Dimension 3: Duration of depressive episode
The two key questions regarding duration of the depressive episode are: when should the onset of the depressive episode be dated? And what should the period of remission be to separate two apparently distinct episodes into two? In relation to dating onset, we propose provision of separate options for a new episode and relapse episode. For first episode, we propose dating the onset to the time of clear onset of a full episode of illness. For subsequent episodes, we propose to date the onset to the time when prodromal symptoms of relapse have begun. This distinction is made for the simple pragmatic reason that we know more about the contribution of subthreshold symptoms in relapse and maintenance of depressive episodes. However, relevance of these propositions has to be tested. The standard duration of remission to separate two episodes is two months. There is no clear reason as to why this duration was chosen, other than the assumption that, in the event of a new episode when the remission has been under two months, may simply be a continuation of the initial illness process rather than emergence of a relapse episode. There is clear uncertainty regarding duration of remission that heralds the onset of a more sustained remission. Further research in this area is warranted.
Three duration categories are recognised in the MSM. Rating these simply requires a standard clinical interview (Table 5), which enables accurate dating of the onset of the treatment-resistant episode. This should include the period prior to the initiation of the treatment.
Who should complete the MSM?
In our research and clinical practice at a tertiary centre, the MSM is completed by research or clinical psychiatrists and trainee psychiatrists. However, the MSM may be rated by a trained research nurse or junior research staff who can complete standard instruments, such as the HRSD. In research context where multiple users are likely to be involved, inter-rater agreement needs to be established.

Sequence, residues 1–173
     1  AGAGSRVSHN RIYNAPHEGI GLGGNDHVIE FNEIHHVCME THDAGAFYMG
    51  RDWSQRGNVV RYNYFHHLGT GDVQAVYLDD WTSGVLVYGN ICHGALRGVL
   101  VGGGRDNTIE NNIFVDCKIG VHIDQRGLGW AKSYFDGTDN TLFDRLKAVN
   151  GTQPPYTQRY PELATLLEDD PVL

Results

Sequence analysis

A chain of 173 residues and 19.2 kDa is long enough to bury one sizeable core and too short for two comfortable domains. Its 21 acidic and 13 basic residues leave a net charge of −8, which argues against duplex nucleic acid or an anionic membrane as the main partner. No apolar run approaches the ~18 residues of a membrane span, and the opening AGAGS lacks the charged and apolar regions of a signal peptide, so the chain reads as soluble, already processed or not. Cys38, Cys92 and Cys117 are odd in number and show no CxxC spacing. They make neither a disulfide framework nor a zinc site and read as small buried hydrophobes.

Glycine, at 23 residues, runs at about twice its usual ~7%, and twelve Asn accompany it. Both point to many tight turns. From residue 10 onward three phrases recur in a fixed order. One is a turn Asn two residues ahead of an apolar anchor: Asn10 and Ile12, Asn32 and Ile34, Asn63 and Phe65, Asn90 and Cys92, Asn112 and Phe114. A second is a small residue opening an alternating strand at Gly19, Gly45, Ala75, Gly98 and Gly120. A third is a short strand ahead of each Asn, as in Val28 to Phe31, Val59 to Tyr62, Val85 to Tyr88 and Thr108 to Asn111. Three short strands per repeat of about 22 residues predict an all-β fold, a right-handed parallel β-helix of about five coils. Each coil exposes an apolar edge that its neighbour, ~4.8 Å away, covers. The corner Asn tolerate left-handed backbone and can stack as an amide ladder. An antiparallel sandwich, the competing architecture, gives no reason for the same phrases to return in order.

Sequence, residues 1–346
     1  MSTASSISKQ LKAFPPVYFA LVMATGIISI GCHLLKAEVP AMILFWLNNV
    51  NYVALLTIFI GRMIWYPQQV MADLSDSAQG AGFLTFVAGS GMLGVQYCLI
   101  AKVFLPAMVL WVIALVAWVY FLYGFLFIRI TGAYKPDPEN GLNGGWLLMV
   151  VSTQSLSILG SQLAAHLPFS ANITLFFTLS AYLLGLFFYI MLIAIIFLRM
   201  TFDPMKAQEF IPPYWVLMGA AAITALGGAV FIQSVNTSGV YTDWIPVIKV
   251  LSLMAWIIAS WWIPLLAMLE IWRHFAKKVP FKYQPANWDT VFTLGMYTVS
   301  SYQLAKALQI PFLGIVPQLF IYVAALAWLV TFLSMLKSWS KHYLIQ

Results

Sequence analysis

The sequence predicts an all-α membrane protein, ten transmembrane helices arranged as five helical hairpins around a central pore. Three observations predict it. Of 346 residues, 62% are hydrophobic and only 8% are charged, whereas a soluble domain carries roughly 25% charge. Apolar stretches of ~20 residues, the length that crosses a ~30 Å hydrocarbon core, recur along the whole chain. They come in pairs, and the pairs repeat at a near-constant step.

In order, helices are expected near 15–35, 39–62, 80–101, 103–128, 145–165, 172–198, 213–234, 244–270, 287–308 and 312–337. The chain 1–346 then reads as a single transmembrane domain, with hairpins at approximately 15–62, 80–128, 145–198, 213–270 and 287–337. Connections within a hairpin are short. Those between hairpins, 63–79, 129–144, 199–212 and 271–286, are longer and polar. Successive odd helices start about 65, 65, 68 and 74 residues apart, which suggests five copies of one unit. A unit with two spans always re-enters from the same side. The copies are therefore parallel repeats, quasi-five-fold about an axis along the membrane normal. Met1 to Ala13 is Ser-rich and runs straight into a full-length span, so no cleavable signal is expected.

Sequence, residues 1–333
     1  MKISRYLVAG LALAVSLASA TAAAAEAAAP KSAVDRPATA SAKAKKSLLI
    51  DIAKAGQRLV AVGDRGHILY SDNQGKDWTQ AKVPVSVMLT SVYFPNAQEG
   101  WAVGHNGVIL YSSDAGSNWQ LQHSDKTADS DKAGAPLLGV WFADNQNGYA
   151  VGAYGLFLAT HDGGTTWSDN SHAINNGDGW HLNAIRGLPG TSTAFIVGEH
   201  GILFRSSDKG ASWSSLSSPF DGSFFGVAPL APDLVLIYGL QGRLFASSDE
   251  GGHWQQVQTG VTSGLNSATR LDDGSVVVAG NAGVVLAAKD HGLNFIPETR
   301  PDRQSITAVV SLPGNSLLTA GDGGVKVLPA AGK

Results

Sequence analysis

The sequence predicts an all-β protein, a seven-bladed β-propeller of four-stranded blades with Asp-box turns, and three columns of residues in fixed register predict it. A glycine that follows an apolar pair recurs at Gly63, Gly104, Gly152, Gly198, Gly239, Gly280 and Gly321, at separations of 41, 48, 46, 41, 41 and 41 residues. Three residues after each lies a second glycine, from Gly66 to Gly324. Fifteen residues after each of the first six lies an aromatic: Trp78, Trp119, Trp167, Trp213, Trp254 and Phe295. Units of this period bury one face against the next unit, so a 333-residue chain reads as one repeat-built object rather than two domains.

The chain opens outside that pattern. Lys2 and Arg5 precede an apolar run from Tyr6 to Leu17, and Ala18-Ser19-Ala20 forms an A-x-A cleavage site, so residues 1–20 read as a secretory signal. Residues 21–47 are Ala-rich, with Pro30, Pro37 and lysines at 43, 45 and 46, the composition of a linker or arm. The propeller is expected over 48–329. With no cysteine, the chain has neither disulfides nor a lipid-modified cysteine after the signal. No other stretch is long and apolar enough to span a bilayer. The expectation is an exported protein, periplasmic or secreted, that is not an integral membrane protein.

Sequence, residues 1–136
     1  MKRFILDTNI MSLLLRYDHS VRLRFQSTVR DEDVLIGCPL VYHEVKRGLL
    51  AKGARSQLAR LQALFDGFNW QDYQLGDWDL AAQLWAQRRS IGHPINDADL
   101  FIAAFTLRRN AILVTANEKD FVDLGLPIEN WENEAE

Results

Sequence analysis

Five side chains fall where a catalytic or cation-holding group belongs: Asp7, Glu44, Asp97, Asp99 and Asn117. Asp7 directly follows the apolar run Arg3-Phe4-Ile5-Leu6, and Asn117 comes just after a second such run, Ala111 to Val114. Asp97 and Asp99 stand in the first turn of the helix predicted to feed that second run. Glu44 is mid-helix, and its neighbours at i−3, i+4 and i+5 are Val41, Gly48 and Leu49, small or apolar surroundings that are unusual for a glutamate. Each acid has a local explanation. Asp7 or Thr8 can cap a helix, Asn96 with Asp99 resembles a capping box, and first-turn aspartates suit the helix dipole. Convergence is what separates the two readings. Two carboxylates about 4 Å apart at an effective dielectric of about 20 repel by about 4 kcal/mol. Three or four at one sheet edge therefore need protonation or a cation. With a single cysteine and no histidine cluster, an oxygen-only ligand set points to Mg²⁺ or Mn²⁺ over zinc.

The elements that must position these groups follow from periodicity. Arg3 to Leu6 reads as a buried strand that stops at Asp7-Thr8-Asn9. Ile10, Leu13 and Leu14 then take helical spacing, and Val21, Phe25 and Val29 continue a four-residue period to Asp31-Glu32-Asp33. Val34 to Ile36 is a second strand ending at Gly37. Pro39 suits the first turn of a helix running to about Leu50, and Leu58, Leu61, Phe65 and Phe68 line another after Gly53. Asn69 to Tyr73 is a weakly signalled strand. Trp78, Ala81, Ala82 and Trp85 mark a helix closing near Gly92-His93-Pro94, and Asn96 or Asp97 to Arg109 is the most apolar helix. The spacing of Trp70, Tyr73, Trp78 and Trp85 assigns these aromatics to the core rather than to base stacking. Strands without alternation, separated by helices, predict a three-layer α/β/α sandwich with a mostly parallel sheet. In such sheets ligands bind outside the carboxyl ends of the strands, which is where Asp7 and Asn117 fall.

Agreement on the definition of TRD has remained elusive in four decades. The inability of the recent Medicare Evidence Development and Coverage Advisory Committee to reach a consensus on defining TRD confirms the challenge. Nevertheless, treatment resistance is a vexed concept even in other chronic conditions. For example, an extensive review by the US Health Technology Assessment Group looking at literature spanning nearly 30 years and with the inclusion of 357 articles, failed to find consensus in the definition of treatment-resistant epilepsy (TRE) . TRE was defined in less than a third of the studies. When a definition was given, it typically included the number of failed antiepileptic medications tried, and in some cases included the adequacy of dosage, the frequency of seizures and the duration of illness . The authors also commented that “terms such as “intractable,” “refractory,” or “treatment-resistant” (were used)Footnote 1 to describe patients for whom one or more treatments have failed, (but)† no consensus exists as to precisely what these terms mean”. The expert panel then defined treatment-resistance as “failure of one or more antiepileptic drugs at a maximum tolerable dose to provide complete seizure relief”. In line with this consensus definition for RTE, and evidence that failure of the first antidepressant may be associated with subsequent reduced responsiveness, we have suggested that failure of one treatment should be the threshold for defining TRD. We thus suggest that failure to respond to the first treatment should count towards defining TRD. We also suggest that, despite its common usage, the term ‘refractory’ depression is a term that should no longer be used unless an end stage treatment-resistance is considered in which psychosurgery is being considered. The term refractory implies that virtually all chances of the person responding to treatment are gone. This proposition is contrary to reports of outcome studies, which suggest that, despite chronicity, most patients improve in the longer term with or without treatment [27, 105,106,107]. The term “refractory” may also have unwarranted neuro-physiological overtone, as in nerve conduction. There is no clear evidence to support the occurrence of a similar phenomenon in the treatment of depression. It therefore appears that the term “refractory” depression is at best poorly validated concept and at worst therapeutically unhelpful and can potentially encourage therapeutic nihilism. We suggest to no longer use this term until firm evidence confirms its validity, or use it only for a subgroup of patients with an agreed “end-stage” pattern of resistance.